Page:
New York -- Lesley Stahl, the 12-time Emmy winning CBS News correspondent who, before joining 60 Minutes in March 1991, was CBS’s first female White House correspondent (during the Reagan and Carter presidencies), said in a speech Thursday she was heartened by apparent public support for the news media during a period when their practitioners are under assault by the president.
Stahl, in accepting the first Multichannel News “Woman of Influence” award midway through the annual Wonder Women luncheon at the New York Hilton, began with a plug for her 2016 book, “Becoming Grandma: The Joys and Science of the New Grandparenting” (PenguinRandomHouse), noting that several Wonder Women honorees had credited their mothers and grandmothers as mentors and influences.
“I do want to say a few words about today and our get together,” she continued.
“We’re happy. This is such a peaceful, loving environment. While one step out into the real world, what we’re confronting is a cauldron of chaos and disharmony. I speak of course as a member of the opposition party, a.k.a. the press.
“President Trump has called reporters, and I’m quoting, among the most dishonest human beings on earth. Now, that hurts our feelings. He has vilified individual reporters by name and refused to take questions from those whose coverage he dislikes. Someone close to Trump told me the idea is to so sully and invalidate us, the public won’t believe our stories if they are unflattering about the president.
“Mr. Trump is not the first president to disparage journalists, but he is certainly the boldest. And there’s a reason.
“When I started out in the 1970s, everyone, I mean everyone, watched television news at 6:30. Our ratings were astronomical. I covered the White House for CBS in those days and I have to admit I was treated like a little princess by the White House.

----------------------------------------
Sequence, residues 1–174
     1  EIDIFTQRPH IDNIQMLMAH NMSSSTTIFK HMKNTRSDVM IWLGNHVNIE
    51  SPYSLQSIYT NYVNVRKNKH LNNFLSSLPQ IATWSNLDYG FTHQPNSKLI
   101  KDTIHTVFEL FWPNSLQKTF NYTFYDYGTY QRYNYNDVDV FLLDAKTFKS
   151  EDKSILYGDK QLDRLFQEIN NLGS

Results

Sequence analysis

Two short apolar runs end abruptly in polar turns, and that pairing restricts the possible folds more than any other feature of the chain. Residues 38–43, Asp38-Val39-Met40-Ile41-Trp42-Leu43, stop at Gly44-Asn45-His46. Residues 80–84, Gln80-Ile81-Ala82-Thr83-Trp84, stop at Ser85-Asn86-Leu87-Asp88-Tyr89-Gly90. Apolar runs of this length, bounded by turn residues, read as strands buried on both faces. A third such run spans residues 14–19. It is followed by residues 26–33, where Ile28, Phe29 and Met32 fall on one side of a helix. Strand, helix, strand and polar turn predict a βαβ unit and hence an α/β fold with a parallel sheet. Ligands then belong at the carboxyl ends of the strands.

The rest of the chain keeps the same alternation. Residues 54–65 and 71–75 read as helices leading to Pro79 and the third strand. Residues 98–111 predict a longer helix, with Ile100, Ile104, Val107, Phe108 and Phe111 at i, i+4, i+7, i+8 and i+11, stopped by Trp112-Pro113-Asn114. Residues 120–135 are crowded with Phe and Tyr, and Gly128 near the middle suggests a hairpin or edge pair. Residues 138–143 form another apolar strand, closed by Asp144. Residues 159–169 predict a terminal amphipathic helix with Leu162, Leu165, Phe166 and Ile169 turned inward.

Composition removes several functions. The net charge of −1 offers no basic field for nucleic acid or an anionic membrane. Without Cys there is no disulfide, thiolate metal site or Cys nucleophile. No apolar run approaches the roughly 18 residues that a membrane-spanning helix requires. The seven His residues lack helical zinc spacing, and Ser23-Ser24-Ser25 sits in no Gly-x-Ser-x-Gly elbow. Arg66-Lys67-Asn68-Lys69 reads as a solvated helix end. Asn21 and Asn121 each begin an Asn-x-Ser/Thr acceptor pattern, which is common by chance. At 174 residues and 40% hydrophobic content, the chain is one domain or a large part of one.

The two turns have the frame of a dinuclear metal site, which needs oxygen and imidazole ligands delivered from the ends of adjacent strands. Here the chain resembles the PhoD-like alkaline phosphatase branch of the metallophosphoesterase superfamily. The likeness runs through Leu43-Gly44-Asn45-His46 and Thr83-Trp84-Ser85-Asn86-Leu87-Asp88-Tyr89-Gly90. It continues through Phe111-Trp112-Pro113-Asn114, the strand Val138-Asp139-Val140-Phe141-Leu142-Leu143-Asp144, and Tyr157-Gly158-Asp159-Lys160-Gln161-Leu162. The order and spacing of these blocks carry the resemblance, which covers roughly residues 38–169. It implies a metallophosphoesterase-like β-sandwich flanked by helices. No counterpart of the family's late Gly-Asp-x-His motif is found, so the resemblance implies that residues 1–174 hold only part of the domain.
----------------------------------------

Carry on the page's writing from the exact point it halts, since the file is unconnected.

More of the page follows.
“Network correspondents were the vehicles through which the president communicated. He had to go through us to get his message out, make his arguments and improve his approval ratings.
“But now, with Twitter and Instagram, podcasting, hashtagging and Snapping, the secretary of state can go off on a foreign trip without the press corps. Unheard of, unheard of. Even I guess last year, it was unheard of.
“The president can sit in his bedroom and tweet directly to the public without any press at all and reach as many if not more people than TV news,” she said.
“And yet, I am watching with amazement and pride as our institution is doing the job it is designed to do, with courage and fortitude. And that is to be the fourth estate -- or the fourth leg, as the founding fathers put it, in our balance of power and democracy.
“Though the public may not agree, I think we in the news business feel that there is an idealistic purpose in what we do. We still see it as fulfilling our mission, which is to shine a light, hold their feet to the fire and cleanse the system.
“And there just may be a reward. Because there seems to be an intriguing and heartening paradox: that the more President Trump aims his arrows at us, the higher go our ratings, the stronger our newspaper sales and online news site subscriptions. Stephen Colbert’s ratings bounced once he began concentrating on the news, and Samantha Bee as well, correct?
“So I just wonder if all the attacks, rather than demeaning us, end up actually restoring our credibility and our trustworthiness. It’s a lovely thought. So I appreciate that you have chosen a news person to honor with this new award. I’m grateful personally, but also take it as a salute to my profession. Thank you.”
For more about the 2017 Wonder Women and of the event (#MCNWW2017), which was co-sponsored by the New York chapter of Women in Cable Telecommunications and, coincidentally, hosted by two women who are news anchors, Alisyn Camerota of CNN and Rosanna Scotto of WNYW in New York, please bookmark mcnwonderwomen.com.